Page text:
Growing up, you often had nobody to turn to. Does it bother you that now, with a successful autobiography, everyone is finally interested in your story?
There definitely are moments of irony. I have a cousin and growing up, I was like “I’m going to be a writer.” He was like, “That’s stupid, learn a useful trade, learn to be a mechanic.” And to have him say, “Congratulations on all your literary success,” it’s like “Yeah, I guess it’s good I didn’t grow up to become a mechanic.” I know this is an even more bitterly ironic moment. There was this 50-year-old guy I lived in a coop with. He was just a horrible human being. He basically lived there to get 19-year-olds drunk and have sex with them. My girlfriend had a dog, a St. Bernard dog. Everyone knew it was her dog and that she was the dominant one in the relationship and I was very passive, went along with everything she did. This gentleman was unhappy because he felt she wasn’t cleaning up for her dog enough. He made a point by sticking dog shit in my mailbox. And he knew it was not my dog. So I ran into him in Madison years later and he was like, “We’re all so proud of you and your literary success, you’re really making a go of it at The Onion,” and I felt like saying, “You fucking hypocrite, you don’t feel that way. You stuck dog shit in my mailbox.”
What was it like being at The Onion when you were 21, when it was still a relatively small paper in Madison, Wisconsin?
I was there at an amazing period where it evolved into something much bigger than any of us could have imagined. It exceeded our wildest expectations. It was fucking amazing. It was surreal. I had to pinch myself every day and say, “This is actually happening. This isn’t a weird three year long dream you have where you are a successful writer working with a bunch of comic geniuses and they’re your best friends and your job consists of watching movies and listening to music and getting paid.” It was a very modest sum. Now it’s a very modest sum. I was lucky enough to grow up desperately poor. So I had financial aid and a scholarship. So I was living like a pimp. My rent was paid. I had money for books and I was collecting a salary from The Onion at the same time. Part of me also was like “I’m not that good of a writer.”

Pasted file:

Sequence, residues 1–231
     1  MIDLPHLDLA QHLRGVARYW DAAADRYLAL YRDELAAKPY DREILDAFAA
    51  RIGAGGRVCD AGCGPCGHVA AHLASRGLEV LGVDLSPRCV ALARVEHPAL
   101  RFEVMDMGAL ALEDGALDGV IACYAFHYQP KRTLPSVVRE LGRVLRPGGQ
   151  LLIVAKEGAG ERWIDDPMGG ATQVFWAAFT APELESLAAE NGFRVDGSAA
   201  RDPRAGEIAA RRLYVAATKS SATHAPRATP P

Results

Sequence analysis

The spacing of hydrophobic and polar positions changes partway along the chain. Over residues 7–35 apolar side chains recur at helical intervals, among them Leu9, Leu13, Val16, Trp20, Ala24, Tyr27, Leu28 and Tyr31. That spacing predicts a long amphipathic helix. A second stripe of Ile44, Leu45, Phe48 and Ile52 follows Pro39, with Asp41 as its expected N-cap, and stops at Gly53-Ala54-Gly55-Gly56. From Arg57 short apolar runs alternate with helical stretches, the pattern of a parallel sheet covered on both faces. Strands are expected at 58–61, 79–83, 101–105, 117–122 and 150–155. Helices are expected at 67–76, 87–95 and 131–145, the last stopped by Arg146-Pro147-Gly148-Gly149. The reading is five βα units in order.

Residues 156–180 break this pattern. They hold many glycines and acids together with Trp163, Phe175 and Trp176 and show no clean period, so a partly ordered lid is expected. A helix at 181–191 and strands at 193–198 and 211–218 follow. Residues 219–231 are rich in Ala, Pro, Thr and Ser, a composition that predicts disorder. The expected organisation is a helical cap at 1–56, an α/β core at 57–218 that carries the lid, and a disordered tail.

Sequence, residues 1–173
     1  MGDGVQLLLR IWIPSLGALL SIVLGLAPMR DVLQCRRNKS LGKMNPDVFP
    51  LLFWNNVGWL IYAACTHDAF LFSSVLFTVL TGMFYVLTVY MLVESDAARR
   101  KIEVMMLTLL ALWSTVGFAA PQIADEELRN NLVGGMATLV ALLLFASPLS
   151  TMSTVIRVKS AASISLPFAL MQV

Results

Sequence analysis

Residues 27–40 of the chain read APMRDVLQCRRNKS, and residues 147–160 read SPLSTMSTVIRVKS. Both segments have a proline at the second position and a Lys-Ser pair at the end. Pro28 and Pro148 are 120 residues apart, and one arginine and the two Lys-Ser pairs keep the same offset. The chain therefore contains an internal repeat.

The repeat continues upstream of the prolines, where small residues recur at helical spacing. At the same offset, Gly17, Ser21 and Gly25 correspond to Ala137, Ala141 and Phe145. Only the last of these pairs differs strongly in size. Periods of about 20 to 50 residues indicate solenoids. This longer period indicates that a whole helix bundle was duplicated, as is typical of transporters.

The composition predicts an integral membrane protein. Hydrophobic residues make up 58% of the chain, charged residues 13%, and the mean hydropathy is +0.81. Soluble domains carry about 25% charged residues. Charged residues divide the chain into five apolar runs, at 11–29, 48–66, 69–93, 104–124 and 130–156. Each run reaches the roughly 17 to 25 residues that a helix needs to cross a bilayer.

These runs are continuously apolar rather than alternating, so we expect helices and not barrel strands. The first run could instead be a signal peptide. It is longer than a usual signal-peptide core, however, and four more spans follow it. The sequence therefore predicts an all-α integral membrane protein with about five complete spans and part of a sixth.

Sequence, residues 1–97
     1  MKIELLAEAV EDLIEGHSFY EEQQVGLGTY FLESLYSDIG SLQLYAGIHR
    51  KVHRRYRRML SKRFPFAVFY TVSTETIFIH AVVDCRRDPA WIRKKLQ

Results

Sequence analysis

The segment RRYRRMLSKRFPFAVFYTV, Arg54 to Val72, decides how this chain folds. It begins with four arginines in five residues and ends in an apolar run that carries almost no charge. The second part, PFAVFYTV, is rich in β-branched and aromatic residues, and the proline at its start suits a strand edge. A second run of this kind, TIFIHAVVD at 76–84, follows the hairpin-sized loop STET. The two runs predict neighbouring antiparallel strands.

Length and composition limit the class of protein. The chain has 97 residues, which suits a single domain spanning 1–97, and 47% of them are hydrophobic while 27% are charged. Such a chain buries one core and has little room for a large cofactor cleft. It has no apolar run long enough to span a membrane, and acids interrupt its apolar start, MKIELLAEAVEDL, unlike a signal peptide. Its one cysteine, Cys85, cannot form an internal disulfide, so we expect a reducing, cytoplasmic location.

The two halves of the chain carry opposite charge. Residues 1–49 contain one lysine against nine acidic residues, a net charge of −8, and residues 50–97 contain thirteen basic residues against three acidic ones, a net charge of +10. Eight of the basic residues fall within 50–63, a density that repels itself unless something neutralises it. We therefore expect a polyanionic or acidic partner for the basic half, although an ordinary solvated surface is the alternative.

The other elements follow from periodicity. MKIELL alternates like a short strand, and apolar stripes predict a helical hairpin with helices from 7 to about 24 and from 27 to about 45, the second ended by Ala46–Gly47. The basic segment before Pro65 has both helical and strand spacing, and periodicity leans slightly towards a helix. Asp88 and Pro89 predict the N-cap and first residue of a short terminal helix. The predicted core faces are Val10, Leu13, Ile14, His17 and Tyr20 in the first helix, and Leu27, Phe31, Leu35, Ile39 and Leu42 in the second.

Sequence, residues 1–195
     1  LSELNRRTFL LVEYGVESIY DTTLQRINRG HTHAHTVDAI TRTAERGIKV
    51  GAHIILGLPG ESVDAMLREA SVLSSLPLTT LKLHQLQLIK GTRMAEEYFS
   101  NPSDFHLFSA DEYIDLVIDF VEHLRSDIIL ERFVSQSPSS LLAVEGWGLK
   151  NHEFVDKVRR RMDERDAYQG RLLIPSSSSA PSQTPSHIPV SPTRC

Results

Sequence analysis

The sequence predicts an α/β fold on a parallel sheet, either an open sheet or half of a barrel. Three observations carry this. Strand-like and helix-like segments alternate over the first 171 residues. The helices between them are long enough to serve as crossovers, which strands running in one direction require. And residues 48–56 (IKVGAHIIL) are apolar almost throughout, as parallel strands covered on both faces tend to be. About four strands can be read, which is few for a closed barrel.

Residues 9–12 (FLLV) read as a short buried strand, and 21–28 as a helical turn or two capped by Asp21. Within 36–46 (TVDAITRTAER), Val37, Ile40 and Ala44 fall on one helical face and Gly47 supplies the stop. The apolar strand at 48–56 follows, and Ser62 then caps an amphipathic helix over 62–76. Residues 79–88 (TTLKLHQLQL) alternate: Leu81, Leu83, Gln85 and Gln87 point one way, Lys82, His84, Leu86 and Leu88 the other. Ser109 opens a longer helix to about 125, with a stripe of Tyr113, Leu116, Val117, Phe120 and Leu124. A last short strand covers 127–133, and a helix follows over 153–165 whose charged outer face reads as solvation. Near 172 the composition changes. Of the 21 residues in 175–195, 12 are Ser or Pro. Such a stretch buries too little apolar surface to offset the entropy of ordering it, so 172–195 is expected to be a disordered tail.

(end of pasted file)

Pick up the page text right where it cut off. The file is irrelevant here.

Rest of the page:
You don’t think you were a good writer?
I wasn’t. I wasn’t. That’s not an opinion. That’s an objective fact. For the first five years I wrote for The Onion, I was not a very good writer. I look at some of my stuff now too, which I don’t do that often, and say “Oh that’s a pretty good phrase.” But the vast majority of it is just very ugly prose that feels like it was written by a 22-year-old who had no clue what he was talking about.
I feel that way looking at my stuff now.
Yeah, but you have to evolve. I think it’s good to look at your stuff and take a hard glance, but you can’t let it defeat you and get you down. God, it took me five years to become an okay writer. But I think it’s amazing my editors Keith and Stephen saw something in me. It wasn’t elegant prose. It wasn’t that I was a genius when it came to grammar. They saw raw talent, they saw a sense of humor, and they saw something that can be cultivated. They also saw I was a fucking hard worker and that I’d be incredibly grateful for any opportunity given to me. Again, it’s very hard for me to feel happy. And I feel like if I lose that hunger, if I lose that element of desperation, I wonder if some part of my ineffable part of writing will suffer. Hunter S. Thompson is an example of that where after the genius of his early stuff, after a certain point, he was just playing Hunter S. Thompson. Style becomes a shtick. It becomes a straight jacket.
When you think about your shtick, what do you think of?
I think of self-deprecation. A certain amount of dick jokes. I had a Color of Night entry [for A.V. Club series “My Year of Flops”] and I thought, “Oh come on, how often can you talk about your history as a compulsive teenage masturbator? The thirtieth fucking time people are going to start getting sick of it.” My Judaism is in danger of becoming part of my shtick. Pop culture references. I think there are good pop culture references and bad pop culture references. I don’t want to be Family Guy. I don’t want it to be just a bunch of disconnected pop culture randomness and expect it to all come together into something more than the sum of its parts.
This article from the Village Voice Archive was posted on July 28, 2009